November 22, 2017

Rethinking the “knowing where to tap it” story

There’s an apocryphal story I’ve seen circulated widely that goes something this:

Alice’s nuclear power plant is offline. She stands to lose millions per day in revenue, and it puts her lucrative government subsidies at risk.

So Alice asks around finds Bob. Bob is the foremost expert on nuclear reactors, and as luck would have it, he’s in town for a conference. So Alice contacts Bob, and pleads with him to come by to take a look. Bob agrees.

Once onsite, Bob looks around for ten minutes. Then he pulls a hammer out of his bag, gently taps the wall with it just one time, and says to Alice, “Okay, try it now.”

Sure enough, the reactor comes to life! Alice is ecstatic.

The next day, Alice receives an invoice from Bob for $500,000. Outraged, she phones Bob and yells, “Do you seriously expect me to pay you half a million dollars for tapping the wall with a hammer?!?!” To which Bob replied, “No. It’s $1 for tapping the wall, and $499,999 for knowing where to tap it.”

This story made me laugh pretty hard when I first saw it. But over time, it started to tick me off.

Here’s why...

Bob did the work without presenting Alice with a price first.

It’s the surprise that makes it feel unfair.

It would be a very different ending if instead Bob had said, “I can have this fixed for you today for $500k, or I can come back in six months and do it for $250k. Which would you prefer?”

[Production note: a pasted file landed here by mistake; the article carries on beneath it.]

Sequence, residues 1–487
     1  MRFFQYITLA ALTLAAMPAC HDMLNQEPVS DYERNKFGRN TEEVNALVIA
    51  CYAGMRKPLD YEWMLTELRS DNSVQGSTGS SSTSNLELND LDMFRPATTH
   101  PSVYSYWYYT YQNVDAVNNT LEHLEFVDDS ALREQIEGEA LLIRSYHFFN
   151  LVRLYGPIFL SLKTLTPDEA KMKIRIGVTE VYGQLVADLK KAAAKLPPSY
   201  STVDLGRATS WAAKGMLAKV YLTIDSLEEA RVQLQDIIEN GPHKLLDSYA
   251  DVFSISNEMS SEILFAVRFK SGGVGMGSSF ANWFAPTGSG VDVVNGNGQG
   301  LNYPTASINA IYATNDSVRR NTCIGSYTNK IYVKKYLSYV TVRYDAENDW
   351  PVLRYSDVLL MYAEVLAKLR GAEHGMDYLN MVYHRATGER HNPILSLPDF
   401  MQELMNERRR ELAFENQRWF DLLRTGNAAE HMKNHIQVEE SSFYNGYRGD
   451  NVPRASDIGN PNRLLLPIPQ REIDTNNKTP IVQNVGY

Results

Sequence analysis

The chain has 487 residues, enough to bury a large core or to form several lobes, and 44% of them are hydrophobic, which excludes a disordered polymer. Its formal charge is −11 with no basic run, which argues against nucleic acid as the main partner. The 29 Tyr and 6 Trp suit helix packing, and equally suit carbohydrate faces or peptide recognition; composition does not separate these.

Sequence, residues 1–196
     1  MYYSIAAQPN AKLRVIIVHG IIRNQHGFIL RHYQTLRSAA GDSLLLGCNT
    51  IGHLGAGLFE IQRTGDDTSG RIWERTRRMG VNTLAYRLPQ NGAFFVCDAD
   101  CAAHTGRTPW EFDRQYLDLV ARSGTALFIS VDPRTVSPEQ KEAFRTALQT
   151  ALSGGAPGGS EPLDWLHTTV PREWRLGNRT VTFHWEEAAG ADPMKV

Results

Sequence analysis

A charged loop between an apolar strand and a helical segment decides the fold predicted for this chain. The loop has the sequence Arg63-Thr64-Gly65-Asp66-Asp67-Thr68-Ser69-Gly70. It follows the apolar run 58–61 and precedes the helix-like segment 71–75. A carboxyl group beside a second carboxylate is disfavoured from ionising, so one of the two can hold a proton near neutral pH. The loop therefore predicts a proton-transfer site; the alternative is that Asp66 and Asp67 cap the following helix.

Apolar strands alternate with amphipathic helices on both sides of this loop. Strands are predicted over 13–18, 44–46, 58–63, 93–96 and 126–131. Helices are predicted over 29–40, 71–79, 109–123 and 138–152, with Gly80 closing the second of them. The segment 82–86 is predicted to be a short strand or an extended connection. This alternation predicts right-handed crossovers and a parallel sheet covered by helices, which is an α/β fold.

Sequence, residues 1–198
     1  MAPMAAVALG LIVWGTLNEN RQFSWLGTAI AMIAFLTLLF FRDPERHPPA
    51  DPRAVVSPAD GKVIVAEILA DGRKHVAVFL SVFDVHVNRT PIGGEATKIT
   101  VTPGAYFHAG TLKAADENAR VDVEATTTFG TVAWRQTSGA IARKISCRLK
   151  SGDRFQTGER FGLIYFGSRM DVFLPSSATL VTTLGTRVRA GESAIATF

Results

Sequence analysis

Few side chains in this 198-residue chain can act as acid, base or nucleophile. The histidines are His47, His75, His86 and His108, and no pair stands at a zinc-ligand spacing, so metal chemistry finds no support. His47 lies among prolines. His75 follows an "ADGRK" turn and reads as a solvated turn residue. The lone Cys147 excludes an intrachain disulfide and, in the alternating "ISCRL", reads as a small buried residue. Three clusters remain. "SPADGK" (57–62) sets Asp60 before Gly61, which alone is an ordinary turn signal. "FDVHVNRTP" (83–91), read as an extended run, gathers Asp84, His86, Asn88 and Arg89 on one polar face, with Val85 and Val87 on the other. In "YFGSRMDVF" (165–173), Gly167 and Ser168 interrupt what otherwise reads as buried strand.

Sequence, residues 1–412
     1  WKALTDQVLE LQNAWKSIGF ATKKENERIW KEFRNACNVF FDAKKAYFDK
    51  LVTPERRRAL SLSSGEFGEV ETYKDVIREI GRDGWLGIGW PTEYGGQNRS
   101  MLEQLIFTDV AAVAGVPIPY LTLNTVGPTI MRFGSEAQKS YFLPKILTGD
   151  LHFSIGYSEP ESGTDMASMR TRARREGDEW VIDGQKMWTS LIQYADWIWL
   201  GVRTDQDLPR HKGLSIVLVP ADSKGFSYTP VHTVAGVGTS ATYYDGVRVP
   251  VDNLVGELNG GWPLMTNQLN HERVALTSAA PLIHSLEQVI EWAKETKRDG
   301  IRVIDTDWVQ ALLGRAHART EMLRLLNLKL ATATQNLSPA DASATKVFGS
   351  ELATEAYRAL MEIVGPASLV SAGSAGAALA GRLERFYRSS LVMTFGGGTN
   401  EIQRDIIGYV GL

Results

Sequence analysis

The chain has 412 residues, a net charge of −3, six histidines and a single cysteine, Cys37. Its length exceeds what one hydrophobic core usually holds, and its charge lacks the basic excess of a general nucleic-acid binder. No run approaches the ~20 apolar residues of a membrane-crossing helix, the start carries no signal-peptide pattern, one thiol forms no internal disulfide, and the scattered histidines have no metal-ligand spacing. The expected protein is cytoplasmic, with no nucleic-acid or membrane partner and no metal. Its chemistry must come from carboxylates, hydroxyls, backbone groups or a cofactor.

In this case, Alice would have a sense of control in the situation. She can weigh all of the many factors and make a value judgement about how much it’s worth to her to get this done and when.

Providing a price up-front with options gives the client control and allows them to make a value based pricing decision.

In the power plant scenario (and every variation I’ve ever seen), the seller doesn’t give the buyer an opportunity to say “no” before doing the work. So it’s perfectly natural for the buyer to feel taken advantage of. The buyer hasn’t had the opportunity to “buy into” the value of the intervention. It’s too late.

Any time a buyer is retroactively given a price for work that has already been done, the risk of them resenting it is high. (Not incidentally, this is the dynamic that exists when billing hourly in arrears for project work.)